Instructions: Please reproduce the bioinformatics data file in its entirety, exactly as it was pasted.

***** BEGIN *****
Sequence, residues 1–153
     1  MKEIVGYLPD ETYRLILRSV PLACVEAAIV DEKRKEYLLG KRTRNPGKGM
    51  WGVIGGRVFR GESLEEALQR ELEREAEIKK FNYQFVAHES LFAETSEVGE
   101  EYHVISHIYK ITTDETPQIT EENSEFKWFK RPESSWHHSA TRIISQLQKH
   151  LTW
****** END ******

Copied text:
Sequence, residues 1–153
     1  MKEIVGYLPD ETYRLILRSV PLACVEAAIV DEKRKEYLLG KRTRNPGKGM
    51  WGVIGGRVFR GESLEEALQR ELEREAEIKK FNYQFVAHES LFAETSEVGE
   101  EYHVISHIYK ITTDETPQIT EENSEFKWFK RPESSWHHSA TRIISQLQKH
   151  LTW